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Topics : Species and Forage Variety Trials : Species Fact Sheets : Prairie Grass

Species: Prairie Grass

Additional prairie grass Information via the Forage Information System (FIS)

Prairie Grass Harvest Management

After spring seeding, prairie grass can be grazed after 50 to 70 days or harvested for hay after 80 to 110 days, depending on climatic conditions. Grazing the initial harvest after spring seeding will stimulate the formation and development of new shoots. Even though prairie grass roots develop faster than smooth bromegrass or tall fescue roots, make sure the grazing animals do not pull the young plants out of the ground.

If the seedling growth of prairie grass is harvested for silage or hay, fewer new shoots will develop and the stand will have reduced ground cover and a bunch type appearance. Prairie grass yield from the first harvest after seeding will be similar to that from smooth bromegrass but less than that from tall fescue. Grazing in the fall after a summer seeding is not recommended.

In established prairie grass stands, delaying the first spring harvest will reduce recovery rate and lower the yield potential of the next cutting. Under normal weather conditions, about 25 to 30 days of regrowth is sufficient between harvests. This period is a good balance between yield and quality of prairie grass. Generally, by this time new shoots have developed at the base of the plant and harvesting or grazing will allow more light to reach the shoots and stimulate their growth. A growth period of approximately 50 days in mid-summer will allow the prairie grass seed heads to mature and drop seed during August. This will thicken up the stand the following year.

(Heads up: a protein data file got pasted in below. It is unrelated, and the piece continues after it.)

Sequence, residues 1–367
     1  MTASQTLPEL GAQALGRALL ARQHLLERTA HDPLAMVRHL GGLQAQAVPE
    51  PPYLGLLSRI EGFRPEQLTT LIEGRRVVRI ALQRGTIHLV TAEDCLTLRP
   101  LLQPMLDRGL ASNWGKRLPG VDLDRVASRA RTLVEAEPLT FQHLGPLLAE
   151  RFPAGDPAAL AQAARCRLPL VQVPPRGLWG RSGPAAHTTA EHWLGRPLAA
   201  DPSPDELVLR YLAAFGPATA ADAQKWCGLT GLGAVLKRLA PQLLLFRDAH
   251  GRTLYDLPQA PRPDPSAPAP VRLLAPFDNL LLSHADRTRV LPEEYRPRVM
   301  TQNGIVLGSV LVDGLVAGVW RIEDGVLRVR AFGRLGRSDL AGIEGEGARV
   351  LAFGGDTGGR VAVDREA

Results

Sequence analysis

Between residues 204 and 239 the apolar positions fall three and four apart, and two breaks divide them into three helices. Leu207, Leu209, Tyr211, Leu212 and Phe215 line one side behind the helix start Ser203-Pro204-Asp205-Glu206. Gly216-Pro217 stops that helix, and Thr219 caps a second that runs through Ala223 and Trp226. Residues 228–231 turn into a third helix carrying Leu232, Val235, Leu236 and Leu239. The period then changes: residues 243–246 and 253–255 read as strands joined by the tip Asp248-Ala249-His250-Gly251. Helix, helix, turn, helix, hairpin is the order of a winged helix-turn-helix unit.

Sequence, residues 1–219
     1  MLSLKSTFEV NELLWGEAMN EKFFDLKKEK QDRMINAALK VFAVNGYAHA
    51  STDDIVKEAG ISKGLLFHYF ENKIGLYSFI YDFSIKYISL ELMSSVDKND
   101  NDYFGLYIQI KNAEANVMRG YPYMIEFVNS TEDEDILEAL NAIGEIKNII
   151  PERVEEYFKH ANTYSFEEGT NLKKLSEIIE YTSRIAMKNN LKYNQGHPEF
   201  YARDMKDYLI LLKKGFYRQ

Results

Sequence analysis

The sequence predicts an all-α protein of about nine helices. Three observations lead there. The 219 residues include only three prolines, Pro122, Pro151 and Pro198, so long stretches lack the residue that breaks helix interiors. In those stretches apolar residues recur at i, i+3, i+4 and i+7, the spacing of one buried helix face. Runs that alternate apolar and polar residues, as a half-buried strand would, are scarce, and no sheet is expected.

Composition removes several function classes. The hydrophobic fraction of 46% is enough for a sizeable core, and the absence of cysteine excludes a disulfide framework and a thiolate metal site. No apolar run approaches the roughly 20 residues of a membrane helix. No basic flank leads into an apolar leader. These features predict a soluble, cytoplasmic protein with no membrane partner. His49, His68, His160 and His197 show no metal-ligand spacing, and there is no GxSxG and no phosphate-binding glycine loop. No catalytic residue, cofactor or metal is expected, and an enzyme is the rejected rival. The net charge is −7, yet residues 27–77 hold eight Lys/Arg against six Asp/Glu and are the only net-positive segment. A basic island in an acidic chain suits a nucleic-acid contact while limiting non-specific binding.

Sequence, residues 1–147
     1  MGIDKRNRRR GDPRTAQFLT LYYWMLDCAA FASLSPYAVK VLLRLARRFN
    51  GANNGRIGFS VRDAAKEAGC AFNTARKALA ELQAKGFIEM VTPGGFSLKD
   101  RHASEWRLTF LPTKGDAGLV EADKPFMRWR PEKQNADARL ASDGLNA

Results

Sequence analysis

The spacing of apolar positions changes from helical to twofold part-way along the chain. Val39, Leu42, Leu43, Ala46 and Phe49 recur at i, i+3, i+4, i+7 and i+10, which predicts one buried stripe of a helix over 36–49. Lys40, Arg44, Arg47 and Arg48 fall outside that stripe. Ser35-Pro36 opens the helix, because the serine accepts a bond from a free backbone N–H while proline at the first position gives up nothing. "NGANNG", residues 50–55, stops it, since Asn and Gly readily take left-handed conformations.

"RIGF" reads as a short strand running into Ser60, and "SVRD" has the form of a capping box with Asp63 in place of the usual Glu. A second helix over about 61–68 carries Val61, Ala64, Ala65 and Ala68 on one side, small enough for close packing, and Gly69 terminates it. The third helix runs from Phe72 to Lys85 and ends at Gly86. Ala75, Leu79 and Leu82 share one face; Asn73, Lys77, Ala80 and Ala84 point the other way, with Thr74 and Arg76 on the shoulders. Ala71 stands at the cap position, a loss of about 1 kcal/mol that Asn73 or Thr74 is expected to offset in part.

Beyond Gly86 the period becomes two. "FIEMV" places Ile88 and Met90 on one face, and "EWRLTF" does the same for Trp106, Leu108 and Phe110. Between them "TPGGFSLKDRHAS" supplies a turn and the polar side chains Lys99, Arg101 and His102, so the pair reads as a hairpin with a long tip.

Prairie grass's ability to grow at cool temperatures makes it ideal for late fall or early spring grazing. Fall yields of nearly 3.5 tons per acre are possible. It persists best when managed so that monthly harvests are made during the fall. In addition, spring yield and shoot density increase when multiple harvests are made in the fall. Harvesting only once in the fall (November) caused 98 percent of the of the basal shoots (source for growth the following spring) to winter kill. However, when prairie grass was harvested or grazed 3 times during the fall only 35 percent of the basal shoots winter killed. Compromise is needed with regard to fall harvesting because late fall grazing will slightly reduce prairie grass vigor the following spring and restrict its use as an early spring grazing source.

Prairie grass should not be cut or grazed below a 3 inch stubble height because regrowth energy reserves and buds for plant regrowth are contained in this region. Cutting or grazing below this height will weaken the plant and delay regrowth. Yields of nearly 7 tons per acre have been achieved when harvesting prairie grass for silage.

Prairie grass is an ideal grass for grazing systems because of its potential for early spring and fall growth. Its spring growth offers the opportunity for earlier spring grazing and its fall growth can effectively extend the grazing season by as much as two months over traditional cool- season grass species. In addition, since seed heads are palatable, it is not necessary to mow off the seed heads that remain after grazing.

Prairie grass persists better under rotational grazing than continuous grazing management. It will not withstand overgrazing, especially when it is under stress of excessively wet or dry conditions.

The quality of prairie grass is not as strongly affected by time of harvest as other cool-season grasses. Digestible dry matter intake (DDMI) is greater for Matua prairie grass than orchardgrass. When harvested on May 21, Matua had 25 percent greater DDMI than orchardgrass. This difference increased to 35 percent when harvesting one week later. Prairie grass may contain lower levels of trace elements than other grasses. Inclusion of a legume in the mixture with prairie grass, or providing trace elements to animals consuming primarily prairie grass will eliminate potential problems.